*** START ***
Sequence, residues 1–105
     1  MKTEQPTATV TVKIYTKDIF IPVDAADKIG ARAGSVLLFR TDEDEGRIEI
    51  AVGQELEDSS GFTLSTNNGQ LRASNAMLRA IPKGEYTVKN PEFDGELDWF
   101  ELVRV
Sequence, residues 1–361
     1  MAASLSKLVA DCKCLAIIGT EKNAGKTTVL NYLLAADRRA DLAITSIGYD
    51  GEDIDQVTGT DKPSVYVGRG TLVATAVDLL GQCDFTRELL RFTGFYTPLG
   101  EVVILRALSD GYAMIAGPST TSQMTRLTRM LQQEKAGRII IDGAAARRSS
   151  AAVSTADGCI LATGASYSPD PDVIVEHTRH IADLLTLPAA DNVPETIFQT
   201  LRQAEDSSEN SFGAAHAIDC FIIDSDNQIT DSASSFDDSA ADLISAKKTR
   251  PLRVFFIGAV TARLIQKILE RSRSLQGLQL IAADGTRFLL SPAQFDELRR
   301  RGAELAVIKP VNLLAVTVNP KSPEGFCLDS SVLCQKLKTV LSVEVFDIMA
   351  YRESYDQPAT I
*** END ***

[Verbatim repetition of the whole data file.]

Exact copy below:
Sequence, residues 1–105
     1  MKTEQPTATV TVKIYTKDIF IPVDAADKIG ARAGSVLLFR TDEDEGRIEI
    51  AVGQELEDSS GFTLSTNNGQ LRASNAMLRA IPKGEYTVKN PEFDGELDWF
   101  ELVRV
Sequence, residues 1–361
     1  MAASLSKLVA DCKCLAIIGT EKNAGKTTVL NYLLAADRRA DLAITSIGYD
    51  GEDIDQVTGT DKPSVYVGRG TLVATAVDLL GQCDFTRELL RFTGFYTPLG
   101  EVVILRALSD GYAMIAGPST TSQMTRLTRM LQQEKAGRII IDGAAARRSS
   151  AAVSTADGCI LATGASYSPD PDVIVEHTRH IADLLTLPAA DNVPETIFQT
   201  LRQAEDSSEN SFGAAHAIDC FIIDSDNQIT DSASSFDDSA ADLISAKKTR
   251  PLRVFFIGAV TARLIQKILE RSRSLQGLQL IAADGTRFLL SPAQFDELRR
   301  RGAELAVIKP VNLLAVTVNP KSPEGFCLDS SVLCQKLKTV LSVEVFDIMA
   351  YRESYDQPAT I